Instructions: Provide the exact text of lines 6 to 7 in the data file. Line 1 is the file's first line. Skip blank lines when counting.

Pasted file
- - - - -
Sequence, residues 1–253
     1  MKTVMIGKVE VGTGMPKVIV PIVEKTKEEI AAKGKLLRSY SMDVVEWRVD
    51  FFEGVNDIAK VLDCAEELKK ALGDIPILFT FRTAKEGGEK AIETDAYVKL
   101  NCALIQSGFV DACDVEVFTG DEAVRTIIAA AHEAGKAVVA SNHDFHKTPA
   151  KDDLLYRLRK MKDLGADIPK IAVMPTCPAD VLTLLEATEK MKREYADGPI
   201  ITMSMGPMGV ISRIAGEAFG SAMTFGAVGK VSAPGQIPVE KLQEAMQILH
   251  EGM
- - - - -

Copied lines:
   201  ITMSMGPMGV ISRIAGEAFG SAMTFGAVGK VSAPGQIPVE KLQEAMQILH
   251  EGM